Kevin-Prince Boateng on racism in football: 'Nothing has changed'
SASSUOLO, Italy -- It has been almost six years since Kevin-Prince Boateng made the decision to walk off the pitch, followed in solidarity by his AC Milan teammates, in protest at the racist abuse he, M'Baye Niang, Urby Emanuelson and Sulley Muntari were subjected to during a friendly against Pro Patria. The gesture made headlines around the world, starting a conversation about what could be done within football and society as a whole to tackle the issue.
Shortly after that incident in Busto Arsizio, Boateng was invited to join a newly created FIFA Task Force Against Racism and Discrimination. But as we sit down in the temporary cabin doubling as Sassuolo's media room in October, the former Ghana international tells me, "with FIFA I didn't talk for a long, long time." He remains in touch with the UN and made an impassioned speech at a convention in March 2013 in Geneva. "They want to know what's going on. If something has changed. What they can do."
But the silence from the football authorities is deafening.
"I had three or four ideas. I put them out there. I spoke to them about it. But at the end of the day, nothing happened. Nothing changed. It's just Champions League. 'Say No to Racism.' That's it."
How disappointing is that? "Very," Boateng says.
"The only thing that has changed is that racism is more hidden. It's not up front anymore or people chanting or whatever because they know there's going to be sanctions, people are going to watch [them]. So it's just a little bit more hidden. But it's still there because if you see the last five years, a lot of things happen still, and it's very alarming because after five years nothing has happened, nothing has changed. That's sad."
An episode after the German Cup final last May brought attitudes towards racism into sharp focus for Boateng. "I said in Germany last year: 'It feels like we fight more against pyrotechnics than racism.'" At one point during the celebration of Eintracht Frankfurt's cup final victory against Bayern, the club's first piece of silverware in 30 years, Boateng waved a flare around on the balcony of city hall.
"Someone called the police," Boateng says.
"Come on," he says, incredulous. "It feels really like we fight more against pyrotechnics. In the stadium, someone does pyrotechnics, and the stadium guy talks: Please stop it! And you get a €20,000 fine. But if there are racist chants, it's like people don't hear it."
In the event they do, excuses are made, as when Muntari, his old teammate and fellow victim in Busto Arsizio, walked off the pitch at Sant Elia and received a second yellow card (which was later rescinded) for protesting the racist abuse he suffered while playing for Pescara against Cagliari in May 2017.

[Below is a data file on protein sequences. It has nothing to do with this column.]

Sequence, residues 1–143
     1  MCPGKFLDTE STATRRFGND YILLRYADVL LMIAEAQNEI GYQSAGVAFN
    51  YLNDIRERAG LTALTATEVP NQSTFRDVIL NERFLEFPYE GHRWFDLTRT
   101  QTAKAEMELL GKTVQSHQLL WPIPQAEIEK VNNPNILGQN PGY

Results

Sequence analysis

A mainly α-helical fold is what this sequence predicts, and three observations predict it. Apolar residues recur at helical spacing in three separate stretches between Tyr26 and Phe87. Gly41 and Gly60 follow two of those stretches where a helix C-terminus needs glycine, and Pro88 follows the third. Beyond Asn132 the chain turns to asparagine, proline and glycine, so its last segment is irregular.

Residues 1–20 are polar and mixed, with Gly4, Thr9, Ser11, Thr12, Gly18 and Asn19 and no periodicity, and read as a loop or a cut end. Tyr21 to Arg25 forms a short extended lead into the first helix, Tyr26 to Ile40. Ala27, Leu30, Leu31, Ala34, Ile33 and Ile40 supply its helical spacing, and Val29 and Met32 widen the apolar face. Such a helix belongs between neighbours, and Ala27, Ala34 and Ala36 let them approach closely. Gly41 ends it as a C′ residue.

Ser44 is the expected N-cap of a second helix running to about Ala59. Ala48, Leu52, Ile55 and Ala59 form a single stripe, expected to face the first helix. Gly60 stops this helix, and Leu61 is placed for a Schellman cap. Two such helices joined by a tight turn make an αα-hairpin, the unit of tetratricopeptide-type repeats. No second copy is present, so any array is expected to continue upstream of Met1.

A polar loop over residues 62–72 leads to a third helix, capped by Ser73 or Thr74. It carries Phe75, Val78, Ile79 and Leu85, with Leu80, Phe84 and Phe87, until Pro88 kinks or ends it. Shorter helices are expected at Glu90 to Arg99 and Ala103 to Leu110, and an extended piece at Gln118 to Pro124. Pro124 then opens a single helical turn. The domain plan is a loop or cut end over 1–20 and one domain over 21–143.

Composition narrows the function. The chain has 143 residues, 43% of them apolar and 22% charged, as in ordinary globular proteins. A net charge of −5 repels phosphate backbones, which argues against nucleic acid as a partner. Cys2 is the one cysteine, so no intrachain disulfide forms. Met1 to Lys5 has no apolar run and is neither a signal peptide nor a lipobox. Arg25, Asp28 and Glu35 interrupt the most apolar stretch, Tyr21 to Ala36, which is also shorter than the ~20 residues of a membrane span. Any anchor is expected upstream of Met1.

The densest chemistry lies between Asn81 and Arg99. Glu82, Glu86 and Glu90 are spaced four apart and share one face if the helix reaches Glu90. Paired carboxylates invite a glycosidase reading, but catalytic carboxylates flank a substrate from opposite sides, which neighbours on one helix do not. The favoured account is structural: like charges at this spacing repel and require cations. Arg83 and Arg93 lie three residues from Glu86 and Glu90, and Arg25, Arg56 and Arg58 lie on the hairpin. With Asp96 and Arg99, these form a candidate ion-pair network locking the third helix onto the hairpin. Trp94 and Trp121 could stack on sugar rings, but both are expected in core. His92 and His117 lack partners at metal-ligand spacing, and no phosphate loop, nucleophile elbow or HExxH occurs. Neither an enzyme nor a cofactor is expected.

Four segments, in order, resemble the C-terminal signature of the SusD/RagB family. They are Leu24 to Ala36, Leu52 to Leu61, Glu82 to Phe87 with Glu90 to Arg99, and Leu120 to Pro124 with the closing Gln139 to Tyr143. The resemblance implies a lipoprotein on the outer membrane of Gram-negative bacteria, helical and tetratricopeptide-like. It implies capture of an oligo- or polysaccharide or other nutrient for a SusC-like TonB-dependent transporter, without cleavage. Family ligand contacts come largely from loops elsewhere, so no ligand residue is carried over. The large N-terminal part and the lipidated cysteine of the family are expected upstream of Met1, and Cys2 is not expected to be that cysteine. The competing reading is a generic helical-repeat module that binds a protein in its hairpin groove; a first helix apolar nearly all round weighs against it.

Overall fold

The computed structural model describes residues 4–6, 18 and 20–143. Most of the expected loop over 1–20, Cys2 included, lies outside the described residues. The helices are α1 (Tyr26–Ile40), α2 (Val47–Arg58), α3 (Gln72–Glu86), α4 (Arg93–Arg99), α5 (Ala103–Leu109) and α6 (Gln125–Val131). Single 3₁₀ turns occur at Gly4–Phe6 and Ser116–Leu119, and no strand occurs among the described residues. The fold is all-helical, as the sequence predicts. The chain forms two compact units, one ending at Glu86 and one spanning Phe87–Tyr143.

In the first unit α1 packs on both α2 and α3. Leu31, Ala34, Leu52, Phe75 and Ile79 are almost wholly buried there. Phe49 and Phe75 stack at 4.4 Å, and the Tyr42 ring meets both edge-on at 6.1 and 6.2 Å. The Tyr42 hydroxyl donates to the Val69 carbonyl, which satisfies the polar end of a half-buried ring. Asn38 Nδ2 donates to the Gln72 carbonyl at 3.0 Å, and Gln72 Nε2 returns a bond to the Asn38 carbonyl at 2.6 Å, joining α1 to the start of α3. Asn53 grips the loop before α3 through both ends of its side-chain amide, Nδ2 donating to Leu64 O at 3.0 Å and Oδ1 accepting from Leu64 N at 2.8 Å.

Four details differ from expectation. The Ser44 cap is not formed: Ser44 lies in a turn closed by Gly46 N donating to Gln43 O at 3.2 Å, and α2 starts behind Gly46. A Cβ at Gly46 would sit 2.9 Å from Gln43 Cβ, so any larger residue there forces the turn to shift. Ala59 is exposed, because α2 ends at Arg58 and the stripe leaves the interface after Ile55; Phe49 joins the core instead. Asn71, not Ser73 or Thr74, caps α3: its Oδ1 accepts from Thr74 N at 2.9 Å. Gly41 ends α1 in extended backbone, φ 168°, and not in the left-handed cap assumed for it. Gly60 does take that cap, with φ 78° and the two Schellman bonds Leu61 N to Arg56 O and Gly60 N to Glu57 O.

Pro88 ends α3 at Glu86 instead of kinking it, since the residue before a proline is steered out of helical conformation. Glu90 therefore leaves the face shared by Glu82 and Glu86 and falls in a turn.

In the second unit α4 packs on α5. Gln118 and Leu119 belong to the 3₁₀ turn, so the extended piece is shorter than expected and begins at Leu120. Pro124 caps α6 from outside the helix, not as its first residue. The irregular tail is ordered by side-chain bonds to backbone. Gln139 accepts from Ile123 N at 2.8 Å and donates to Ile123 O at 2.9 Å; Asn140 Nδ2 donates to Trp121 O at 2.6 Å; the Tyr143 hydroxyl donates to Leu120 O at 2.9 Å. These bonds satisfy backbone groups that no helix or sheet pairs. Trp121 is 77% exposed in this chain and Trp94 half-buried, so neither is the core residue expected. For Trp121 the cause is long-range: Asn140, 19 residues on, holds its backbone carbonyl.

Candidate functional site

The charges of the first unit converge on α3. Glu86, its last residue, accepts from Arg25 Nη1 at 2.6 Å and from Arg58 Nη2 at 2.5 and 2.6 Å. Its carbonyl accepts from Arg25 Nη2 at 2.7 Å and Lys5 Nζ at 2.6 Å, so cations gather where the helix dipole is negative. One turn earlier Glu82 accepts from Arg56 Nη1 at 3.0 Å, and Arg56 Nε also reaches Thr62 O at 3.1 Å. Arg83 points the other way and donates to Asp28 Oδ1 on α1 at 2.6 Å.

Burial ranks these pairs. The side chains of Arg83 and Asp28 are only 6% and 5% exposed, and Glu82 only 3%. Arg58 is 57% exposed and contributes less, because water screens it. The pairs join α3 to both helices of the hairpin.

No action was taken by Serie A's sporting judge on the basis that the 10 people chanting would not have been heard were it not for a silent protest; the official match report said that "approximately 10 people" were involved, and according to league guidelines, it didn't meet the threshold for sanctions. The referee didn't hear them either, so they were not written up in his report.
Just days after sitting down with Boateng, The New York Times ran a story about Kerfalla Sissoko, an amateur soccer player from Guinea playing in France who was racially abused in May and given a 10-match ban, the same suspension as the perpetrators, after a brawl broke out in which, according to spectators, he and the team's other black players were assaulted by their opponents, leaving him beaten and with severe post-traumatic stress disorder -- depressing stuff at a time when society seems more divided and less tolerant than in a long time.
"I think about that so many times," Boateng says. "When I grew up, we thought we were divided. But at the end of the day it was fine, and you know, we were OK. I grew up with all cultures in the world ... Sometimes you fight. But now it's like really hate.
"When you go to Germany, you see the people go on the street. There are maybe three, four thousand racists walking on the street and have the right to walk on the street and put their arm up and do the Hitler sign.
"Come on! We cannot allow that. It's impossible because we have kids watching it, so if we allow that, kids learn that [they are] allowed to do that, [and] maybe they go the wrong way. It's very alarming, but it's even difficult for me. What can I do, I try, I always try to talk, every interview I want to talk about it and explain. But if the big people, the important people, the politicians don't do anything, what can we do?"
Not that Boateng is deterred. Speaking up and raising awareness on social issues, using the platform and profile sport provides, continue to drive him. He has great respect for the sacrifices former NFL quarterback Colin Kaepernick made in taking a stand against social injustice and racialised forms of police brutality.
"Those are the [kind of] moments we need," he says. "To [demonstrate] what people are fighting against, they let their voices be heard. Kaepernick, he left millions in money [on the table], advertisers, Nike ... to say what he [believes]. He's a hero. He's like Muhammad Ali. He's going to be known forever, and if one day he dies, everyone is going to remember him.
"You need these people. You need LeBron James. You need the Golden State [Warriors], who are against their president. It's crazy. But they show [their convictions]. They say: 'We're not going.'
"You need these big people to make big actions because otherwise nothing will change."